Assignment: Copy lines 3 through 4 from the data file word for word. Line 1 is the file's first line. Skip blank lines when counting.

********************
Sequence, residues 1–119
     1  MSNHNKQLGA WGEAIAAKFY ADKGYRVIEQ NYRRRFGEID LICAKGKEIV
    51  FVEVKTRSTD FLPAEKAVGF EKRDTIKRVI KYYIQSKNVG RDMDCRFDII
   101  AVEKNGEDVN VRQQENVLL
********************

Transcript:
    51  FVEVKTRSTD FLPAEKAVGF EKRDTIKRVI KYYIQSKNVG RDMDCRFDII
   101  AVEKNGEDVN VRQQENVLL